Vehicular accident reduction focus of proposed Borough Hall meeting with MTA, Port Authority and New York State DOT
Borough President Vito Fossella announced today that he has written to the Metropolitan Transit Authority (MTA), the Port Authority of New York and New Jersey (PANYNJ) and the New York State Department of Transportation (NYS DOT) to request vehicular accident data for the Verrazano Narrows Bridge, the Port Authority bridges, the Staten Island Expressway and the West Shore Expressway.
This correspondence follows the Borough President’s recent statement of concern about the high number of traffic accidents impacting these crossings and corridors, which he maintains creates a ripple effect on local roads, hurting the local economy and negatively affecting the quality of life of Staten Islanders.
Borough President Fossella stated in his letter that he will invite representatives of these agencies to Borough Hall to discuss this data, and to begin a dialogue on ways in which to raise public awareness and ultimately lessen accidents and injuries.
“Staten Islanders are forced to rely on our bridges and expressways to a vastly greater degree than other boroughs,” said Borough President Fossella. “Unlike those other boroughs, our lack of mass transit forces us to depend on roadways and bridges to connect us to things like jobs and family.
“This is why we are so concerned about the health impacts and the tremendous congestion caused by traffic accidents.”
“We've all observed how a single accident on the Verrazano Bridge can back up traffic all the way to the Goethals Bridge and around to the West Shore Expressway. Such an accident can cause tractor trailers and other commercial vehicles to wind up navigating narrow residential and local commercial corridors. This becomes a nightmare for Staten Island drivers,” he added.
According to the Borough President, data from law enforcement sources indicate a large percentage of accidents are caused by day-to-day things such as distracted driving and improper lane changes. He also cited road work as a likely contributor, forcing drivers into making awkward turns and lane changes. Speed limit enforcement is also an issue, and he maintained that all of these symptoms should be diagnosed with an aim toward implementing greater driver safety.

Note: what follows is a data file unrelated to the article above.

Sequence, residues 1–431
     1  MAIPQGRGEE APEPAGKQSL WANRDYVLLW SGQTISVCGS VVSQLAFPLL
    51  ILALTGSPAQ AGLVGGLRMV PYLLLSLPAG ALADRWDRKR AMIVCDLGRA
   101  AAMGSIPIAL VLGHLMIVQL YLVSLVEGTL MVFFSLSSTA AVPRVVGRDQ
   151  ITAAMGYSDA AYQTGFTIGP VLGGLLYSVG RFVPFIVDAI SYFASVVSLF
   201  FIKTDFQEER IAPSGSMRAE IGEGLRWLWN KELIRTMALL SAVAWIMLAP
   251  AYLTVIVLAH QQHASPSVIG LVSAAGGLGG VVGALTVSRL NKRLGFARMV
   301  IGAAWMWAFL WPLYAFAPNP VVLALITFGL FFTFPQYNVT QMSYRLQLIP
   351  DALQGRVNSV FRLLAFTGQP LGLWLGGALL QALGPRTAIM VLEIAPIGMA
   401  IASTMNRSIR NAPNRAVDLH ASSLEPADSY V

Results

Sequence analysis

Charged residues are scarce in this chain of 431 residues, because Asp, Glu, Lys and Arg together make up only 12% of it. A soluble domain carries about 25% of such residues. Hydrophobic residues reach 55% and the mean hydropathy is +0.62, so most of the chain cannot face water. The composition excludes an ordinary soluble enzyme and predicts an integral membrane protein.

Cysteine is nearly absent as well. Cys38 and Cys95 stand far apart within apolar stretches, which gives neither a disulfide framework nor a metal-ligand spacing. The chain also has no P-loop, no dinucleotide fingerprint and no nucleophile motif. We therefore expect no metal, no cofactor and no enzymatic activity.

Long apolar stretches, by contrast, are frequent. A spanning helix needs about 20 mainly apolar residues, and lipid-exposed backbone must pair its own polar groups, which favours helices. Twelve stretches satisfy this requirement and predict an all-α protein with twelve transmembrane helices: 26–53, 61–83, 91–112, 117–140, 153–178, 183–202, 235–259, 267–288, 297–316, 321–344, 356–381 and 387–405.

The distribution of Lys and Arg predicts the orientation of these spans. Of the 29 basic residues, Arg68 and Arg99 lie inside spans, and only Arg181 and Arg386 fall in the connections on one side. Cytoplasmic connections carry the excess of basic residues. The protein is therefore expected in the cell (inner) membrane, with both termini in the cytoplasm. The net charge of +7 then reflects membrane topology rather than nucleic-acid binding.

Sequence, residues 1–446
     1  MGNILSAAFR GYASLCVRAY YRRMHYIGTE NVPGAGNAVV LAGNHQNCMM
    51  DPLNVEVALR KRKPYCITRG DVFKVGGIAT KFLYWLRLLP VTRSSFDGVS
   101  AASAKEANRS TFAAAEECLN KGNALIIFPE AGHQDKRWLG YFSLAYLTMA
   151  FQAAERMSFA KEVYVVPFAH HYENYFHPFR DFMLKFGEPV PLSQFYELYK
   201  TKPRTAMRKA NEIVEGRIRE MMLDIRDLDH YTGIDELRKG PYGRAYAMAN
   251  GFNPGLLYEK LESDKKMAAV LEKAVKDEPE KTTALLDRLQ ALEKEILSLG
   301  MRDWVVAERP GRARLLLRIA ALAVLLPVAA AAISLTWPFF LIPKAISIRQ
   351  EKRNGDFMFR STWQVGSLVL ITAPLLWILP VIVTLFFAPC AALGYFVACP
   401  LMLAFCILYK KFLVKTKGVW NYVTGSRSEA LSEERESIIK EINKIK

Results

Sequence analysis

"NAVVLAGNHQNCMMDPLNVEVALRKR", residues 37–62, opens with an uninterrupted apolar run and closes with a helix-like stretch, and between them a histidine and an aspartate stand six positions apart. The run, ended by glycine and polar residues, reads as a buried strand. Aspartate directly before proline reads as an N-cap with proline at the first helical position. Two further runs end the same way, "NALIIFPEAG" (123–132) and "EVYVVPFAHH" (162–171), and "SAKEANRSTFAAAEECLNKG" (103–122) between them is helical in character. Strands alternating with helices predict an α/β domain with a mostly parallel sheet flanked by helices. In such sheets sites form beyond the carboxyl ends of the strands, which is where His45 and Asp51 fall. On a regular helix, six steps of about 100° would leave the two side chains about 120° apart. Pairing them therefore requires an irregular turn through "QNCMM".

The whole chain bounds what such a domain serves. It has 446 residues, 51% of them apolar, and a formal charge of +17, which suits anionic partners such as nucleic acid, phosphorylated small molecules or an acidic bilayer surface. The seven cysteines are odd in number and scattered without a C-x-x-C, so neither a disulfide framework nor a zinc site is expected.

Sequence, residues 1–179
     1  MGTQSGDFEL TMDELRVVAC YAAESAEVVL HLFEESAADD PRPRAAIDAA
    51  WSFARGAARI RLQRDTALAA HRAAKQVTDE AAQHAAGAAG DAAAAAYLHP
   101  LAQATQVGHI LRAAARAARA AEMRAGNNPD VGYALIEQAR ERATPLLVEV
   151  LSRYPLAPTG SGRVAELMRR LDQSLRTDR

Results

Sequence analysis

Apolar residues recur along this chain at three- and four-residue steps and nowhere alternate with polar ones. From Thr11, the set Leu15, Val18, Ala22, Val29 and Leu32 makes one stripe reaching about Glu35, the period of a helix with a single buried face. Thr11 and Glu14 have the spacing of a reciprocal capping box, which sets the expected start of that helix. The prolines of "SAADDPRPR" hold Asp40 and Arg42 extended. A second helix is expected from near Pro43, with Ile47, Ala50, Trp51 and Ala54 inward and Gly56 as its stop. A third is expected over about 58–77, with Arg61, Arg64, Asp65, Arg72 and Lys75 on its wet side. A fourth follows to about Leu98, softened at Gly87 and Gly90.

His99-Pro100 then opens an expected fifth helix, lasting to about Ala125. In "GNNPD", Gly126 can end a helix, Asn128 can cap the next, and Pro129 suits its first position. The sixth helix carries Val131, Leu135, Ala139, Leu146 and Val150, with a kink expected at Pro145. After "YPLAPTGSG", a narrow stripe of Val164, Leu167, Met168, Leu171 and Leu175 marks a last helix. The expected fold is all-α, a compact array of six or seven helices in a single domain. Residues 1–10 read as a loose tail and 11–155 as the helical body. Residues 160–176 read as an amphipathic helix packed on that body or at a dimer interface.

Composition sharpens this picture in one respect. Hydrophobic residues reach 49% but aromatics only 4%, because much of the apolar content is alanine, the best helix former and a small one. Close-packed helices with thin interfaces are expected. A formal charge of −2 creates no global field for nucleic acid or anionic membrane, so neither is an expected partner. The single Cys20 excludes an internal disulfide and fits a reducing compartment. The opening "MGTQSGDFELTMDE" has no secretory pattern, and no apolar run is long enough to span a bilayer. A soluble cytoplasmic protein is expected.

“We must try to calculate the impacts of all these idling vehicles: the delays that a parent experiences trying to get their child to school on time, or the anxiety felt by an adult child trying to get a senior-citizen parent to a doctor for treatment. There are more negative scenarios than we can list, and though Staten Island is not unique in grappling with this problem, it is here, on this island, that we must get a handle on it.”
“With this meeting, I hope to get our most experienced experts from these authorities focused on deeply examining potential solutions, and working with our community leaders on reducing the number of accidents and increasing public awareness about responsible driving. It is also important that we raise public awareness about the new NYPD policy allowing drivers to move to a safe portion of the roadway, to exchange information in the case of minor fender benders. That alone will go a long way towards decreasing traffic jams.”
Borough President Fossella asked the agencies to be prepared to provide the data by June. We encourage all drivers to stay alert on all roads ahead of the Memorial Day holiday weekend. Please keep eyes on the road and wear a seatbelt at all times for your protection.